I came out of the bunker, and the building over the bunker was a burnt out shell. A soldier gestured from across the road. I ducked and ran across the road and joined the other soliders, who were aiming their rifles up the road. On inquiry, I learnt that the Americans had tried to enter the town, and had bombed a number of buildings. The building above the bunker had caught fire, and they had forgotten all about me. I was not pleased to hear that, but hey, they had things on their minds.
I started radioing my team, and 10 minutes later, we were gathered together in a trench, and formulating a plan. Our mission was not in Nasiriyah, but further on down. We had to get to the Americans at Basrah. The problem now was that Americans were surrounding our town, and with their helicopters, it would be difficult to get out of the town with vehicles. They were bombing everything mechanised that moved. So we made a plan.
We told the Iraqis to gradually cease fire, making it seem like the resistance was dying down. We placed a number of troops in two buildings, and told them to keep firing steadily. Pretty soon, as we expected, the Americans blew up both buildings. Our 'resistance had been crushed'. 2 hours later, American tanks and armoured carrriers rolled into the town, with troops running behind them.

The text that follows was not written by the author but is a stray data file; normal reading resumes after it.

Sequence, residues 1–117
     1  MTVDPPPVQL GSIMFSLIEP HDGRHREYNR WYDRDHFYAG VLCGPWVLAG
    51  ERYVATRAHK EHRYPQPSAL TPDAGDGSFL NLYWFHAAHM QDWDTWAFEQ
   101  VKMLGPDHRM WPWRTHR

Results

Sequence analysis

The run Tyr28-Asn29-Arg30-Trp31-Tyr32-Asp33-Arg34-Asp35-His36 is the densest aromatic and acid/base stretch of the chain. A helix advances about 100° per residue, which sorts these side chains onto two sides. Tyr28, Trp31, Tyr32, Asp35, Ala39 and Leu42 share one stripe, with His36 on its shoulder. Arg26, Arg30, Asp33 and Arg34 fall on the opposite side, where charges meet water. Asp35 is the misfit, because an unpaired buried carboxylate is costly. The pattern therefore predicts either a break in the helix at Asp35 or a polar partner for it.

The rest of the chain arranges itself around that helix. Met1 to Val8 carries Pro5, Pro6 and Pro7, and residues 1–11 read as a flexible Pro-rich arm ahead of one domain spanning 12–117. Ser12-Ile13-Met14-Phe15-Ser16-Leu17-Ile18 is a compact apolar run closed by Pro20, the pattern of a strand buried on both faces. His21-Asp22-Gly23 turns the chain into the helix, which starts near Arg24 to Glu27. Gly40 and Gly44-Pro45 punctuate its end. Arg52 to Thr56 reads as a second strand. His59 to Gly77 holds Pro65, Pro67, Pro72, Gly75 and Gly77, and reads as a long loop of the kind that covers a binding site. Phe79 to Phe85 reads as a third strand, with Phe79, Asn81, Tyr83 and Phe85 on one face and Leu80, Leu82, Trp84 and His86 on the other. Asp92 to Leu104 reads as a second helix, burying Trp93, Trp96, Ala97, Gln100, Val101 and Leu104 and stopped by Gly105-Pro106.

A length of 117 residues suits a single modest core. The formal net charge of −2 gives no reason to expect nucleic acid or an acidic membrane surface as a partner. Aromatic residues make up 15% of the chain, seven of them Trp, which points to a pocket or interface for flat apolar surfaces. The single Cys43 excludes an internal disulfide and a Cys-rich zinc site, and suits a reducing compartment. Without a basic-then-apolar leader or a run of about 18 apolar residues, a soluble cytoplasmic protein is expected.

When they were in the middle of the town, we sent two guards to surrender to them. They approached, and as the Americans reached to disarm them, the guard shot the commander. Immediately, all the americans focused on them, and literarily gunned them to shreds. Brave matyrs, those men were.
Immediately their attention was diverted, we ran towards them with grenades, and threw them below the tanks and personel carriers. From above, the guards opened machine gun fire, and threw molotov cocktails. The American troops ran and died, and lost about 30 of their vehicles in the town. As they ran, we pulled together the Iraqi army, and fought them back out of the town. They called for backup and the copters that were hovering came to the south suburb of the town, leaving the east relatively unprotected. My crew picked up a couple of jeeps, and an American humvee, and drove out at high speed, exchanging fire with the occaional company, but easily making it out.
We drove about 20 kilometers east, then started driving back southwards, passing through small Iraqi towns. The townspeople came to wave at us, the men who would sacrifice them to save them from the aggressors who wish to invade and occupy Iraq and steal its wealth.
-- Apart from this watch, I was standard American. I don’t usually use an American accent, but I can adopt a bronx accent when I want. My face, my name and my voice had become American. In my Humvee, I would not have any trouble infiltrating the troops on the other side of the river. Or so I thought.